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What is the first thing you think of when you hear the words checking account? Immediately I think of bills, budgeting, and register. I’m from the generation who grew up using a paper register and writing down debits and credits.
I didn’t realize how old I was getting until one day I was speaking to my local branch teller, and she did not know what a check register was. Regardless I do like where I currently bank. My personal checking account doesn’t have a monthly fee and the employees are friendly.
You can easily choose a bank or credit union in your area, but make sure the bank or credit union you choose meets your banking needs.
How to Choose the Best Checking Account
Consider the factors below when you choose the best checking account for you:
Find out if the bank or credit union has a minimum balance requirement. Basically, this means the bank or credit union will charge you a specific amount every month if you do not maintain a minimum amount in the checking account.
In addition, to the minimum balance requirement a direct deposit from your work or retirement may be required to keep the account open.
Fees are dollar amounts charged to you by the bank. The common fees to look for are cash deposit fees, overdraft fees, non-sufficient fund fees, and ATM fees.
Most of these fees can be avoided if you manage your checking account responsibly by keeping track of your total. Make certain you keep a positive balance in your account.
Location and ATM Network Access
Are you someone who often deposits cash? If so, you need to be aware of branch locations and ATM access. Many larger credit unions or banks offer a network of ATM’s you can use for free.
While choosing the best checking account for you, be sure to ask questions about in-network and out-of-network ATM’s and locations. In addition, ask about ATM and cash deposit fees or reimbursement opportunities.
Look for the bank or credit unions that has insurance from the FDIC, Federal Deposit Insurance Corporation or the NCUA, National Credit Union Administration.
The FDIC and the NCUA both offer standard insurance coverage of $250,000 for each depositor. These insurances are in place to protect the depositor if the bank or credit union goes under.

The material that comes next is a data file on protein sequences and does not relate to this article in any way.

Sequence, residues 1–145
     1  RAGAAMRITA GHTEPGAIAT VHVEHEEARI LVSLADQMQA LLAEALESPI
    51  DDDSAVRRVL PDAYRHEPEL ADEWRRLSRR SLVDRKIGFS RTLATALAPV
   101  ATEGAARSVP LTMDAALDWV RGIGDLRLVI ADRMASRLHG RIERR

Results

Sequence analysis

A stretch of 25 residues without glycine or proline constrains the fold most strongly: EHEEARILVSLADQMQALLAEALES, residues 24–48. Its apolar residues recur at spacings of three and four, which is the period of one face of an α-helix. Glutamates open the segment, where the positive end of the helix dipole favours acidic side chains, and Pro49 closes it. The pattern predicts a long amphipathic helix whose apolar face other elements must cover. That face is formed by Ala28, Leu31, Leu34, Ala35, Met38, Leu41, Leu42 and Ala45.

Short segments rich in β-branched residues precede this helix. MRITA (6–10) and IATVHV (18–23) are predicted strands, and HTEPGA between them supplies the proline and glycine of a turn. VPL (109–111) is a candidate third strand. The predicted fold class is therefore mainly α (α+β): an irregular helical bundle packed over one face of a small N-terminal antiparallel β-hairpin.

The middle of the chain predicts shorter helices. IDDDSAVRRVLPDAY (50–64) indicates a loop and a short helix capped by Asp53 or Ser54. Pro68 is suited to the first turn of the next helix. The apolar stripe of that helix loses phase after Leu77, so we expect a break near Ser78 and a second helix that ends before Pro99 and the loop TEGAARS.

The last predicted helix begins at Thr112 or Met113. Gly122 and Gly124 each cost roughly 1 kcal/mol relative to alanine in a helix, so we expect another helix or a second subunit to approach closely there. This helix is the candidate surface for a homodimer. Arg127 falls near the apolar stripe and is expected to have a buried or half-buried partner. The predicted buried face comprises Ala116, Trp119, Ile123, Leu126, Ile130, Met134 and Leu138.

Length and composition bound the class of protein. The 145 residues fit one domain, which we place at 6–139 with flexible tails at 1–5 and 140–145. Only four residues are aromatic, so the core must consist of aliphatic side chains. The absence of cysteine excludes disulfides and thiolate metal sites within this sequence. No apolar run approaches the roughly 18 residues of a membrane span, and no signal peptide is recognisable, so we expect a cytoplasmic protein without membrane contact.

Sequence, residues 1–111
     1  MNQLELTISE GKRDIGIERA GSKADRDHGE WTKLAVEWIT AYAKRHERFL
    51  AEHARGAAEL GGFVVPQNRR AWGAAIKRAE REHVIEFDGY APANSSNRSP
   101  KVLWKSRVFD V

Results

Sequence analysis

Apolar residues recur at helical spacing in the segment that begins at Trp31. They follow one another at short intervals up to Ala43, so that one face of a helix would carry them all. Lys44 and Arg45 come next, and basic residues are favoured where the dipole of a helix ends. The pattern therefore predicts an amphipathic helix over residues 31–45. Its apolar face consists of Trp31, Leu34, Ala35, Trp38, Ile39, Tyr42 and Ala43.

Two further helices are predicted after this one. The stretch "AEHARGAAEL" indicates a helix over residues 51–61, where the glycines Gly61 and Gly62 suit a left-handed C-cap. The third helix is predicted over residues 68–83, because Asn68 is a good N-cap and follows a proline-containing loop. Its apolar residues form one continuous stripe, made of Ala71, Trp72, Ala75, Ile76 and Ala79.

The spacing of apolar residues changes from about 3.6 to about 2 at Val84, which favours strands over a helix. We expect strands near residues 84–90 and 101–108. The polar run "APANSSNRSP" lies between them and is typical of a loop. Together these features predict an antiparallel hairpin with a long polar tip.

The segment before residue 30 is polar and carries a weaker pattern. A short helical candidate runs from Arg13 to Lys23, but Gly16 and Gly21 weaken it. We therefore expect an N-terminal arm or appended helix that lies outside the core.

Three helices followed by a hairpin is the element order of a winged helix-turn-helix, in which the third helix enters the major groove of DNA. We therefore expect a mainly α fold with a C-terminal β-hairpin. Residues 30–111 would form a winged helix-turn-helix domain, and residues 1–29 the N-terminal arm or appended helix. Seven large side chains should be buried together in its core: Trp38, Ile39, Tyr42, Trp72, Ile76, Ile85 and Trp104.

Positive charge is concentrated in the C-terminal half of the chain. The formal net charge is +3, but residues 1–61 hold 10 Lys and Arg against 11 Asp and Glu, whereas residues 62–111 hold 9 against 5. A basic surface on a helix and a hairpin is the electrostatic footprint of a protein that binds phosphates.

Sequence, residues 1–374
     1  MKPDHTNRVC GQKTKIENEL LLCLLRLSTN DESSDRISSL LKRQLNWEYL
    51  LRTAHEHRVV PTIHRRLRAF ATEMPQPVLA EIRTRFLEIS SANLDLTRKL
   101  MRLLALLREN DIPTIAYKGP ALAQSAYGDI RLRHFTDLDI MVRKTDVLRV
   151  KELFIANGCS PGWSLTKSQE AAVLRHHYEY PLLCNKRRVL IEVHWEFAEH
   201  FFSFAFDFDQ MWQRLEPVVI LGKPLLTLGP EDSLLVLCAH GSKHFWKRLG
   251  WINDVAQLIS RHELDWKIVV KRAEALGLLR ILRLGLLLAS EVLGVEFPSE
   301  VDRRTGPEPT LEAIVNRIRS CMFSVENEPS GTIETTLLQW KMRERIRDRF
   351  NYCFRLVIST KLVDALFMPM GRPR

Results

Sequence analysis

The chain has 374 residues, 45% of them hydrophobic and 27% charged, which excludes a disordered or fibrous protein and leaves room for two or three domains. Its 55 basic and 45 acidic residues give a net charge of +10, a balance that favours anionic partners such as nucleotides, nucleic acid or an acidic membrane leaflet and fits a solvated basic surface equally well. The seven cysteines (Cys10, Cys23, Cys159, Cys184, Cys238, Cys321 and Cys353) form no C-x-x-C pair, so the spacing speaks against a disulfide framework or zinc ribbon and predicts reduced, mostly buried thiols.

Interest and Rewards
Checking accounts are not savings accounts and therefore many checking accounts do not offer an interest rate. However, you need to do your research if this is a benefit you are interested in obtaining.
Many banks and credit unions now offer cashback rewards based on purchases and the way in which you use or don’t use your debit card.
For instance, my credit union encourages me to use the credit option while using my debit card instead of the debit option. Once a year I am rewarded with cashback on those purchases.
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Mobile Apps and Internet Features
Are you someone who is always on the go? Then don’t forget to inquire about mobile app and check deposit features with the use of your phone.
Do you like to use the internet to pay your bills? Ask if their checking account offers a bill payment option.
Ask about transferring money to family members or being able to send wire transfers. Be sure to inquire about all of your banking opportunities using their app or a website login.
If you are part of the military, a government employee, a schoolteacher, or any other large organization check with your HR department to find out if you can open an account with a local credit union. Benefits of being part of a larger group often allows you the benefits of a better place to bank.
Before running out to the closest bank to open a checking account take time to consider short term and long-term goals. Be sure to ask questions before finding out your banking is limited.
There are lots of great checking accounts. Choose the best checking account for you!